Berekhat Ram venus stratigraphy

Section of site exposed showing the Upper Kramim basalt and the colluvial/alluvial unit containing the archaeological layer (arrows).

Photo and text: D'Errico et al. (2000)

These basaltic layers have been dated to 470 000 BP and 233 000 BP respectively.

The archaeological layer where the figurine was found is estimated to date to approximately 250 000 - 280 000 BP.

The lithic industry at Berekhat Ram, described as Acheulean, is somewhat unusual in that Upper Palaeolithic types (burins, borers, endscrapers) comprise 20.6 per cent of the assemblage. It is also rich in Levallois flakes, sidescrapers, notches and denticulates. Levallois cores represent the most common core type. The eight bifaces found at the site are all of a small size (less than 11 cm). With the exception of one biface manufactured from basalt, all artefacts are made from local flint. According to Goren-Inbar (1986), hominids selected a scoria pebble that bore natural features resembling a female figure.

Berekhat Ram view

The view today from the site of Berekhat Ram. Berekhat Ram means 'High Pool'. It is a crater lake (maar) in the northeastern Golan Heights, near Mount Hermon.

The only sources of water for the lake are rain water and an underground spring. The water does has no exit from the lake.

Text: Adapted from Wikipedia

Berekhat Ram tools

Stone tools found at Berekhat Ram

1, 2, 3 - flakes
4, 6, 7, 8 - side scrapers
5 - denticulate
9 - double-side scraper
10, 11 - burins
12 - hand-axe
13 - end-scraper

After Goren-Inbar (1985)

Photo: D'Errico et al. (2000)

It is 35 mm in length, 25 mm in width and 21 mm in thickness. The tuff was then modified to enhance these natural features by carving one deep groove around the fragment at the upper third of the piece to delineate a neck and head. Two shallow, curved grooves were engraved to create the arms of the figurine.

Berekhat Ram venus drawing
Anthropogenic modifications on the Berekhat Ram object according (a) to Marshack (1997a,b) and (b) to the authors of the present study:

1: shaping and beveling of the right protuberance of the head
2: scraping
3: artificial smoothing of the lower plan of the neck groove
4: grooving
5: possible abrasion. From left to right: right side, front face, left side, rear face.

Photo and text: D'Errico et al. (2000)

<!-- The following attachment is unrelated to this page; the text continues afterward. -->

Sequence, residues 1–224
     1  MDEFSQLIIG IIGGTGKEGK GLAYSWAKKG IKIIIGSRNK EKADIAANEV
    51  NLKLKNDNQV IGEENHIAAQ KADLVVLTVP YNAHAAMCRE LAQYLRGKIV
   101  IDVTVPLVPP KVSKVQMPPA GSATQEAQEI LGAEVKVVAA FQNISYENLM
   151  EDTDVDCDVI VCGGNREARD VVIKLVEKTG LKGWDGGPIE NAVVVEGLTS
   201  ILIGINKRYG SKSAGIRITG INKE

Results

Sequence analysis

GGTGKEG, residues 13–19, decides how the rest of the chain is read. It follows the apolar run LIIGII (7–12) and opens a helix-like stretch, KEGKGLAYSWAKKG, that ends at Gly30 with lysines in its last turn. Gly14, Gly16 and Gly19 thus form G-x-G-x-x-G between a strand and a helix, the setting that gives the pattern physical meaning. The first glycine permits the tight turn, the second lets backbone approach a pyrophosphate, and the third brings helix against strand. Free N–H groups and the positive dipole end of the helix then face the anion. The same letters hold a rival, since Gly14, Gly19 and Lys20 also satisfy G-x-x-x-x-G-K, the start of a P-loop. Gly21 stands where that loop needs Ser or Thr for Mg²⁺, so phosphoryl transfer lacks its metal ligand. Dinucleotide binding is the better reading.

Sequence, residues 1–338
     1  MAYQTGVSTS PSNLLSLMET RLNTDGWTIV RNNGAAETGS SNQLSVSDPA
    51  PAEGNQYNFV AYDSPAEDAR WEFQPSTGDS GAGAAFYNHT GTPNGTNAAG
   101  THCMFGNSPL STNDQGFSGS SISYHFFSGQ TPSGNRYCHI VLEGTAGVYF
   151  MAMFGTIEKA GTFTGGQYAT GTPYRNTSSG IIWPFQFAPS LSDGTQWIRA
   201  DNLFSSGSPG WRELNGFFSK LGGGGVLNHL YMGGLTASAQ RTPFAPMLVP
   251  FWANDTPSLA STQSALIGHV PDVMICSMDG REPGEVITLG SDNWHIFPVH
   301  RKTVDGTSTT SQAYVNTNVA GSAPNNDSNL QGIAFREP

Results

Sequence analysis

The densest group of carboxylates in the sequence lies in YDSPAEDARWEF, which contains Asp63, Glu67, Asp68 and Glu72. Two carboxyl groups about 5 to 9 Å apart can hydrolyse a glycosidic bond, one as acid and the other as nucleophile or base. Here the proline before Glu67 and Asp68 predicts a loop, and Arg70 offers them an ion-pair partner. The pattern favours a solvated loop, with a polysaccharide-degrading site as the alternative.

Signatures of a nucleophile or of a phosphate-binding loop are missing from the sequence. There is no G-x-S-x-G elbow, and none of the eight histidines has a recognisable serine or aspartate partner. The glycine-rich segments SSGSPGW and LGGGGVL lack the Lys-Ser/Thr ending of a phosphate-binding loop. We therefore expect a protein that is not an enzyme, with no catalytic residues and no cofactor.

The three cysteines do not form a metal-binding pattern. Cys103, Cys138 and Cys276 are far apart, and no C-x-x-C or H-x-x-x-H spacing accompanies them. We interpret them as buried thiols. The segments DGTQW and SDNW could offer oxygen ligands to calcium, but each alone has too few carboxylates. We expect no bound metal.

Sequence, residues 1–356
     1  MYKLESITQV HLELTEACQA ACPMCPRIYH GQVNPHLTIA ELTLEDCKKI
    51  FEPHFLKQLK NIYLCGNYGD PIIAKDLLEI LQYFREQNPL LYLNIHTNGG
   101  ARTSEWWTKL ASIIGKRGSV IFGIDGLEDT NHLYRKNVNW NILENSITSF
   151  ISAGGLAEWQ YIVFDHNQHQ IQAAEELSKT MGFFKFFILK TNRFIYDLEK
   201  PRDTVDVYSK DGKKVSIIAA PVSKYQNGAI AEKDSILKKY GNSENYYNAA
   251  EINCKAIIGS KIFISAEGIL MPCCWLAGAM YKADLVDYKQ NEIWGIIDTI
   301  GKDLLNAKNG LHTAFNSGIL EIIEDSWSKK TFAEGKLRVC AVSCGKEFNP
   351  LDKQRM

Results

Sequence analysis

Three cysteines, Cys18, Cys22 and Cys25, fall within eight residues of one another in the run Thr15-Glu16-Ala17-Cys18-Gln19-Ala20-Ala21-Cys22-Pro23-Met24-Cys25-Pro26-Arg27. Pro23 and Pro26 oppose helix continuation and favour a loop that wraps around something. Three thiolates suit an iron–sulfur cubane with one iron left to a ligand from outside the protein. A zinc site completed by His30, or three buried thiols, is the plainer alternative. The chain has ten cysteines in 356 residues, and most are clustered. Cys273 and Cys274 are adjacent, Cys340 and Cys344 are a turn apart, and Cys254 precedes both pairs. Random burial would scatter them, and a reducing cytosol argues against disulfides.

The figurine possesses a number of features that are reminiscent of those produced experimentally by the engraving or abrading the tuff clasts. Intentional engraving seems responsible for the neck groove and the two slightly curved grooves on both sides of the object.

A short groove produced by engraving has also been carved on the left side of the rear face. This interpretation is supported by the clear morphological differences, visible at a microscopic scale, between the surface of these grooves and those of the adjacent area. The morphological variability of the groove cross section, however, suggests the use of a point as the tool used, instead of a cutting edge.


  1. Bahn P., 1998: The Cambridge illustrated history of prehistoric art, Cambridge University Press
  2. D'Errico F., Nowell A., 2000: A New Look at the Berekhat Ram Figurine: Implications for the Origins of Symbolism, Cambridge Archaeological Journal, 10, pp 123-167
  3. D'Errico F., Nowell A., 2009: On the Origin of Art and Symbolism, Science, Vol 323 6 February 2009
  4. Feraud, G., York, D., Hall, C., Goren, N., Scgwarcz, H., 1983: 40Ar/39Ar age limit for an Acheulian site in Israel, Nature, 304, 263 - 265 (21 July 1983); doi:10.1038/304263a0.
  5. Goren-Inbar, N., 1985: The lithic assemblages of Berekhat Ram Acheulean site, Golan Heights, Paléorient, 11, 7 – 28.
  6. Goren-Inbar, N., 1986: A figurine from the Acheulean site of Berekhat Ram, Mitekufat Haeven, 19, 7 - 12.
  7. Marshack, A., 1997a: The Berekhat Ram figurine: a late Acheulean carving from the Middle East, Antiquity, 71, 327–37.
  8. Marshack, A., 1997b: Palaeolithic image making and symboling in Europe and the Middle East: a comparative view, Beyond Art: Pleistocene Image and Symbol, eds. M. Conkey, O. Soffer, D. Stratmann & eds. M. Conkey, O. Soffer, D. Stratmann & N.G. Jablonski. San Francisco (CA): California Academy of Sciences, 53–91.